I have a 2 bay box and keep it switched off most of the time (noisy). I have several IcyBox single drive units, use them regularly.
     
  10. LERsince1991, Mar 20, 2011
    Last edited: Mar 20, 2011

    LERsince1991 thread starter macrumors 65816

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    #10
    true,

    thanks for the input :)

    I just feel drawn to the 2 bay enclosure for some reason. Guess I just like the idea of having them on my shelf lol. Not bothered about off site backup.

    As the hd's will be on my shelf I'm looking at 3m's of cable each run, having dual bay enclosures will minimise the need for so many extension cables and I dont like cables.

    good point about the noise. i'll check out how noisy the enclosure is I ordered.
    Still got all night to cancel if I do as its sunday :)
    Don't think I will though, like the idea of having them

    EDIT:
    quote from amazon review on the icy enclosure
    "Theres an adjustable fan on the back which doesnt make much noise at all. I dont usually have it on unless I am running the drives simultaneously for a period of time. But I think its always nice to have the option of passive/active cooling on a caddy."

    sounds good paired with my 'green' disks(?)
     
  11. Mike Oxard macrumors 6502a

    Mike Oxard

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    Oct 22, 2009
    #11
  12. jamin100 macrumors 6502

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    Sep 22, 2008
    #12
    If it was me doing it personally, i'd go for a RAID 1 solution in the 2 x Dual drive enclosures.

    So enclosure 1 & 2
    2 X 2TB (or 3TB) drives mirroring each other

    This way if you have a drive failure its all backed up on the other drive.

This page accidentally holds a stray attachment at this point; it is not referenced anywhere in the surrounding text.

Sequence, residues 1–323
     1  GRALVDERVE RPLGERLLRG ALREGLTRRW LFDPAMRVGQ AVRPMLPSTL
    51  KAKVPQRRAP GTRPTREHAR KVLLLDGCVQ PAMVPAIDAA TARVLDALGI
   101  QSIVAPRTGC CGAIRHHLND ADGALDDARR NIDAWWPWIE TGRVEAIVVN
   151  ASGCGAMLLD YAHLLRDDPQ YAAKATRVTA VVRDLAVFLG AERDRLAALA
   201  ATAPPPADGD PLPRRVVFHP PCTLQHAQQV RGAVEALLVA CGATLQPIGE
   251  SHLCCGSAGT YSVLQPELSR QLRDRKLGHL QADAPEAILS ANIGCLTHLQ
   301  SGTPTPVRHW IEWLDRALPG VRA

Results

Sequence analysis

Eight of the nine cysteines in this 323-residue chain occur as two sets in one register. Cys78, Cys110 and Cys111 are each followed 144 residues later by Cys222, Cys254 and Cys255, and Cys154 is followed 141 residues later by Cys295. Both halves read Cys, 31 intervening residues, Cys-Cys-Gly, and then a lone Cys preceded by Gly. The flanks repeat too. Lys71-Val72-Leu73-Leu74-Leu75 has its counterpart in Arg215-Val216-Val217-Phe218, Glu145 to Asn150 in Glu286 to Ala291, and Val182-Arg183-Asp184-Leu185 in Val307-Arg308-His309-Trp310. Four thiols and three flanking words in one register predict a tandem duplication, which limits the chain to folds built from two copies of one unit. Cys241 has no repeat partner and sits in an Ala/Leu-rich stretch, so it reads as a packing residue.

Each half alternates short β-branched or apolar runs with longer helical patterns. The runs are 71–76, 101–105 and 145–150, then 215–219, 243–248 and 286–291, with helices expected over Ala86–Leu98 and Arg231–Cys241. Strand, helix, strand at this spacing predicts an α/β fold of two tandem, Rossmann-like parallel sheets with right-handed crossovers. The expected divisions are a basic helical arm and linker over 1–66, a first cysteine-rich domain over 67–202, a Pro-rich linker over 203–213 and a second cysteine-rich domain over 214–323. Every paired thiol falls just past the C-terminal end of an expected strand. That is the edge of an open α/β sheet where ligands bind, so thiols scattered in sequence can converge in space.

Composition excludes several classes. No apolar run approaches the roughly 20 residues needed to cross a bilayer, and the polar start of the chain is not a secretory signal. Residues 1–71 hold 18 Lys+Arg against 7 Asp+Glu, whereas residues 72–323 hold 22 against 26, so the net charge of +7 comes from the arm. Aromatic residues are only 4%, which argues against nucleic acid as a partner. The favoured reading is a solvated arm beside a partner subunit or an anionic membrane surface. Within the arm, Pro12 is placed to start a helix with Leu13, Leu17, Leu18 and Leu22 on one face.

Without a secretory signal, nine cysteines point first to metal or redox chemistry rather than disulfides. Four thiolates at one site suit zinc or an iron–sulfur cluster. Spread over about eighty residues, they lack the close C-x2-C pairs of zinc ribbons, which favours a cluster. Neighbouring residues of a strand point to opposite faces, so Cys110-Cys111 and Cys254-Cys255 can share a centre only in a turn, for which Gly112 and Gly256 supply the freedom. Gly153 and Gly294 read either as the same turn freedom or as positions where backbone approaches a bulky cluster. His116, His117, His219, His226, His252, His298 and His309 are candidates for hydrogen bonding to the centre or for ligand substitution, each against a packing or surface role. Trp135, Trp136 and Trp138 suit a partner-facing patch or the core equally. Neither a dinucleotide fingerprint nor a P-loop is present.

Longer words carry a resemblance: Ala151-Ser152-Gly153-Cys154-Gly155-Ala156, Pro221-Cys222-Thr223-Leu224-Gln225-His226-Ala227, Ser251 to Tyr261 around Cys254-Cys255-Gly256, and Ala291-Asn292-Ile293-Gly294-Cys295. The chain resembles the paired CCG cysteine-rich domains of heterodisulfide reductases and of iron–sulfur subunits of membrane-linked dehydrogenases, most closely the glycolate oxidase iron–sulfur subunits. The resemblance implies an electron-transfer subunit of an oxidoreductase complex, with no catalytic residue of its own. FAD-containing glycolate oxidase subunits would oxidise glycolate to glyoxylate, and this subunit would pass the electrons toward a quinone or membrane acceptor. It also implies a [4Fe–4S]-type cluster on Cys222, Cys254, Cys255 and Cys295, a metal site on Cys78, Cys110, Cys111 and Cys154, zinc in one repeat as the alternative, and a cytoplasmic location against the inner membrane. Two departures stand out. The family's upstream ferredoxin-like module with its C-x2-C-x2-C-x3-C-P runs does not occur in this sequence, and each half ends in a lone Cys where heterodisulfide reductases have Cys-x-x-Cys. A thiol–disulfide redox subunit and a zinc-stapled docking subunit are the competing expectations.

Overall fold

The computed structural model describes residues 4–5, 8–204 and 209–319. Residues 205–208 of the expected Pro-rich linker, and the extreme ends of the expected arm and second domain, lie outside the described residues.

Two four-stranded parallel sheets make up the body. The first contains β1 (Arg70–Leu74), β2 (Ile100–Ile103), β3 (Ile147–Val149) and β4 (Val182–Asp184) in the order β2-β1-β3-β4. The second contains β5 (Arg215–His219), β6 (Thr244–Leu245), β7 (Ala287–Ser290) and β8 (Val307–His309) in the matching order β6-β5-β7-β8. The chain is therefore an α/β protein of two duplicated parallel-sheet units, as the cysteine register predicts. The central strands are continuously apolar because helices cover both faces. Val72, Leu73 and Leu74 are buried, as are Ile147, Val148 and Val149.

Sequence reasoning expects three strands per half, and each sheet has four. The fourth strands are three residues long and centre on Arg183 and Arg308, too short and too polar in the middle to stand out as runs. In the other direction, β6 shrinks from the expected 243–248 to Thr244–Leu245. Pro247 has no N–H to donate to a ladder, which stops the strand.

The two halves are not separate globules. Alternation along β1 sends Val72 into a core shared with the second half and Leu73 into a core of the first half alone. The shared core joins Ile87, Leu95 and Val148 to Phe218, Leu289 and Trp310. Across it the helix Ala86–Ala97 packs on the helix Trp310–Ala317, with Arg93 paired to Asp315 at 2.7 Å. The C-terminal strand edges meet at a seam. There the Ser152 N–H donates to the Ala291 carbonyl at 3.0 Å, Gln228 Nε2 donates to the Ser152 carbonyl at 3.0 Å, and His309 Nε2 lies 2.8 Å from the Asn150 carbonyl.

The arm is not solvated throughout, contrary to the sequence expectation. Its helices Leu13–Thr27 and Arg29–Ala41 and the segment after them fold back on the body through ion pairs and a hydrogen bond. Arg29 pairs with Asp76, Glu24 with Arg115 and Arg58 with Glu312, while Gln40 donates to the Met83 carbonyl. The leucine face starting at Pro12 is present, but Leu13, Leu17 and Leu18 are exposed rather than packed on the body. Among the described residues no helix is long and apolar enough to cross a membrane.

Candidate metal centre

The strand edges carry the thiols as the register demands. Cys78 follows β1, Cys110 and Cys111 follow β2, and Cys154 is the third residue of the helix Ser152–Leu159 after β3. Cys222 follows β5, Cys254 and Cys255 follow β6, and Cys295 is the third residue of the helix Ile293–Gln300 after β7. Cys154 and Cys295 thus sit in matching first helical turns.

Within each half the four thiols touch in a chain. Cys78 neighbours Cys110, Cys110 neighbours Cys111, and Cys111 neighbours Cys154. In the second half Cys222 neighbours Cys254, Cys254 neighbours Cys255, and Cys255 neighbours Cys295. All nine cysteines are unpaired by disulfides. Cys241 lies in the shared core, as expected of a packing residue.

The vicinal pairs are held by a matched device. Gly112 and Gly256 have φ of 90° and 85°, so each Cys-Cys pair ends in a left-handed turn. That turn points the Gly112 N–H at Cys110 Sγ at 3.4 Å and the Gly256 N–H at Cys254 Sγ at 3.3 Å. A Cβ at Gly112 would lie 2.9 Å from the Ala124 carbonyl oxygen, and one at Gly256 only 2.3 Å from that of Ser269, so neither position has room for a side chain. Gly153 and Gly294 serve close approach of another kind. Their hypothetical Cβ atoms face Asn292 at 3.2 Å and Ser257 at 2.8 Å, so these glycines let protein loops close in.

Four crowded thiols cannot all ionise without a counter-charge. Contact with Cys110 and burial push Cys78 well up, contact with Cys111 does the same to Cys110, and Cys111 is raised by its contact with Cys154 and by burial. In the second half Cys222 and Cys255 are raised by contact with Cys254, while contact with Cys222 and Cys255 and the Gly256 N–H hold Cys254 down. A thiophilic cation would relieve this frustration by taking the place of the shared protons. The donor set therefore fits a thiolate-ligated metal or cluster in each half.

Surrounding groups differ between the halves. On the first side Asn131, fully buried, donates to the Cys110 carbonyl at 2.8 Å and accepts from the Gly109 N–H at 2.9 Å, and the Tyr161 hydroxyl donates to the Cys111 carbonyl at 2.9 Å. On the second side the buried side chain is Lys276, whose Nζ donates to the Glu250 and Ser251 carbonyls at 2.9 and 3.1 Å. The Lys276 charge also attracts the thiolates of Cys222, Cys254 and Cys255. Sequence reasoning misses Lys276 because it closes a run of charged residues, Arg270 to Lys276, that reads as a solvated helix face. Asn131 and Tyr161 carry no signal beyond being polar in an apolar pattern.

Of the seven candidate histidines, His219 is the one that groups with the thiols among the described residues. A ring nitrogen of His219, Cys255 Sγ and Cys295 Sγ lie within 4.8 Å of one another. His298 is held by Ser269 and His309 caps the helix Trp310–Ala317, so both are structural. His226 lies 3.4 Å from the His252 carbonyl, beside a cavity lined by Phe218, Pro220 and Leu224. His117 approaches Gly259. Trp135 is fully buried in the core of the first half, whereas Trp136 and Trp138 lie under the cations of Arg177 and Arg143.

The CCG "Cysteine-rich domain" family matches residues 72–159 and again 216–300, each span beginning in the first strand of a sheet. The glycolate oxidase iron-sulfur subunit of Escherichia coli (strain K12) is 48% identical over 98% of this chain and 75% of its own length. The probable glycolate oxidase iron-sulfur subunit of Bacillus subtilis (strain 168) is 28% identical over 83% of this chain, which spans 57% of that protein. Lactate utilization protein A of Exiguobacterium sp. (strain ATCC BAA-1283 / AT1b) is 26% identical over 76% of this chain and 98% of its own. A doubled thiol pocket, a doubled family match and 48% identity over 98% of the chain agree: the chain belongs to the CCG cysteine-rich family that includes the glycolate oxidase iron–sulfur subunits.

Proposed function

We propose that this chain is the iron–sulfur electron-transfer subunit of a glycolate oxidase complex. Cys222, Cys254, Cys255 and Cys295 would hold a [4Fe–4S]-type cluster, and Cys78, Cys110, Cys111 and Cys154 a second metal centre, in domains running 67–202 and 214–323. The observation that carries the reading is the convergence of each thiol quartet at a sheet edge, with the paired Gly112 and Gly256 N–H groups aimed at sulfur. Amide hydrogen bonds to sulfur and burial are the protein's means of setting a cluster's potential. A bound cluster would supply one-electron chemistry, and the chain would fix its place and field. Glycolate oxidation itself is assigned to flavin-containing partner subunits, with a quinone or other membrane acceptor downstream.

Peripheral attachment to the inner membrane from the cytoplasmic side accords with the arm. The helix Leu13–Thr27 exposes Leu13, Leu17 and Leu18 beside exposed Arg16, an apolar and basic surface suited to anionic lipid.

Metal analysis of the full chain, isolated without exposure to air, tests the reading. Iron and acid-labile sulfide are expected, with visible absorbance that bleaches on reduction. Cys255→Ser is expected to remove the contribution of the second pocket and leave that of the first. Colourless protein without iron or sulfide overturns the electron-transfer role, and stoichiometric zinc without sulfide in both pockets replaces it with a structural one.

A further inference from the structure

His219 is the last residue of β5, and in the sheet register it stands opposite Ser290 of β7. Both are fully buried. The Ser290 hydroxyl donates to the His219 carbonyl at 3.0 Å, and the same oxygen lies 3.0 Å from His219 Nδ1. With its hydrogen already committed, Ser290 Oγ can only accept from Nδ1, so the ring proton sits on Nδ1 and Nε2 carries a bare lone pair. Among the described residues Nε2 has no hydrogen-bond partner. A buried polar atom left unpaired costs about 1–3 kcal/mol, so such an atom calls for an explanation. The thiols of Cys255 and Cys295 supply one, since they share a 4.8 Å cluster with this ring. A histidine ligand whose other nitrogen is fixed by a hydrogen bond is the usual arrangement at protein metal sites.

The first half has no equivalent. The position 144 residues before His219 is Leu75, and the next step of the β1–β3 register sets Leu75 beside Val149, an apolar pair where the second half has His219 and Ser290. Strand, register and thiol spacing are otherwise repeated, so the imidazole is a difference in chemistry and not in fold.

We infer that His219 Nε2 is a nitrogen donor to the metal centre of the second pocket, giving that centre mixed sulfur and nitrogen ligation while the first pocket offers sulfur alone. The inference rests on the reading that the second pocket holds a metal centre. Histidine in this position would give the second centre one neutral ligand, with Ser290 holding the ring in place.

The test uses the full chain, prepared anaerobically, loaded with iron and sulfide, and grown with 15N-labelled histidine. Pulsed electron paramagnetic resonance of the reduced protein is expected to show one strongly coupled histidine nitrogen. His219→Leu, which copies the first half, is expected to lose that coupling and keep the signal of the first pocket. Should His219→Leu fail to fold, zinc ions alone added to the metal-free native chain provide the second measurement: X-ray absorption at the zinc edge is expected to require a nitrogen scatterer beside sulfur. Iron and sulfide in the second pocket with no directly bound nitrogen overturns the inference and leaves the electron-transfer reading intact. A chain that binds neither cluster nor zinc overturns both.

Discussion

13. LERsince1991 thread starter macrumors 65816

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    #13
    could do but I believe time machine would be a better backup solution than raid-1
     
  14. firestarter macrumors 603

    firestarter

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    #14
    Absolutely.

    RAID 1 isn't a backup - it just replicates your main drive. Accidentally delete something, write over something, get some sort of filesystem glitch and your data disappears off both RAID drives. At least with time machine, a historic record is kept.
     
  15. jamin100 macrumors 6502

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    #15
    Yes I agree but then I'd just use a cheap 1TB USB Mybook or something attached to an airport extreme for wireless time machine backups.
     
  16. Mike Oxard macrumors 6502a

    Mike Oxard

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    Oct 22, 2009
    #16
    Raid is definitely not a backup on its own. We have (had) a Drobo attached to our computer with 3x1.5 TB drives in. We moved house earlier this month and the Drobo got dropped, smashing the casing and all the drives flew out all over the place. It wasn't a probem as I have the computer backed up daily to a NAS drive and also I have the USB drive I mentioned above for an offsite backup. The wife was very worried for a few minutes though, when she thought all the photo's and music had been lost ;)
     
  17. RedTomato macrumors 68040

    RedTomato

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    Location:
    .. London ..
    #17
    4x large drives connected via USB will take forever to fill up.

    I know you already purchased your enclosures, but perhaps consider usb/firewire dual port enclosures in future?

    The great thing is firewire can be daisychained, (and fw cables are cheap from monoprice(US) / cableuniverse.co.uk (UK)) so you get massive bandwidth to all the drives and only one cable to your mbp.

    Or, to save money, have one enclosure fw capable, and use that as your working large file repository, and the others for long term storage.

    Anyways all this *may* become moot *if* thunderbolt takes off. It's early days yet, but apart from Apple, I haven't seen any interest in tb from the PC world.